University of Cambridge > Talks.cam > CUED Control Group Seminars > The role of space in evolution: insights from microbial and viral expansions

The role of space in evolution: insights from microbial and viral expansions

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  • UserDiana Fusco, University of Cambridge
  • ClockThursday 11 March 2021, 14:00-15:00
  • HouseOnline (Zoom).

If you have a question about this talk, please contact Thiago Burghi.

Zoom meeting link: https://zoom.us/j/99083035008

Spatially growing populations are ubiquitous across scales, ranging from microbial biofilms in the soil to expanding tissues in developing organs and the spreading of diseases. In spatial settings, individuals experience inhomogeneities in the surrounding environment that result in different growth rates across the population. Since replication is necessary to transmit the genetic information from mother to daughter, the growth dynamics determined by the spatial constraints can deeply affect the spreading of mutations in a population and thus its evolution.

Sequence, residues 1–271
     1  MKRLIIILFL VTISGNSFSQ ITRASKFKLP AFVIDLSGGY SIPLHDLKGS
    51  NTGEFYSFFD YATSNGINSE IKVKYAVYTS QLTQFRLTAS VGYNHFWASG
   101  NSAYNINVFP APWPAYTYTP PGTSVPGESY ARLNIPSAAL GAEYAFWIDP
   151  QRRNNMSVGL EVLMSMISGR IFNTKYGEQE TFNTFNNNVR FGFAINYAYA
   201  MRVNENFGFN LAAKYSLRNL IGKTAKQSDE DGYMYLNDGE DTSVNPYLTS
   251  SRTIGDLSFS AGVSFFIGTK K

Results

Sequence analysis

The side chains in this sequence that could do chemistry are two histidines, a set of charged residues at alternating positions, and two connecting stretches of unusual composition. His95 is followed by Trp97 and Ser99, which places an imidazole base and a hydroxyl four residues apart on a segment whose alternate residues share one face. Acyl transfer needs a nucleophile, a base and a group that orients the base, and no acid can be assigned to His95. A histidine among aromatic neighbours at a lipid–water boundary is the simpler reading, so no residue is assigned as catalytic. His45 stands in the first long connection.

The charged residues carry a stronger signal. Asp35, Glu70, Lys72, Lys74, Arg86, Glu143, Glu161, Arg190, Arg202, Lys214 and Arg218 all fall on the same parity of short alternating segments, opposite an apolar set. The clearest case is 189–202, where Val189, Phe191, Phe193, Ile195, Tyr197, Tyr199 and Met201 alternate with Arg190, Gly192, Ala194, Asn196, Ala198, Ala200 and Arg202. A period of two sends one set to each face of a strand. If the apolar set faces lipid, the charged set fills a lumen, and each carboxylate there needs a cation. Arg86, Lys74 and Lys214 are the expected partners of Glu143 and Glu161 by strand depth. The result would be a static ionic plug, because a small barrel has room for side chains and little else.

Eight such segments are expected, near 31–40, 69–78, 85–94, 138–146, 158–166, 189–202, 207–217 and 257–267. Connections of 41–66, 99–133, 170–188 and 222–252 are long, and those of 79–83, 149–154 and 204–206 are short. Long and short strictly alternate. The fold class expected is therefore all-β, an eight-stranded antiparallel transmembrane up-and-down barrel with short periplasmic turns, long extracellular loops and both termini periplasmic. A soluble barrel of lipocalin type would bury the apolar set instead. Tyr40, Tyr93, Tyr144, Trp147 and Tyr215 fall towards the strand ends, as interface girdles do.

I will present two examples in which the simple spatial constraints associated with two-dimensional growth affect both the genetic diversity and the adaptation of microbial and viral populations, respectively. Population sequencing and fluorescence imaging show that microbial colonies exhibit an excess of mutational jackpot events compared to a well-mixed population of the same size. Moreover, most mutant clones are trapped in the bulk of the colony, ready to be released upon an environmental change, and rescue the population. A very different growth dynamics is instead observed in bacteriophage T7 two-dimensional plaques. Here, we find that the underlying infection dynamic and the hindered diffusion caused by the presence of bacteria generate a density-dependent dispersal for the virus, which leads to an unexpected cooperative behavior during the expansion. As a result, viral populations maintain genetic diversity for much longer than previously expected, with important consequences on their ability to adapt.

This talk is part of the CUED Control Group Seminars series.

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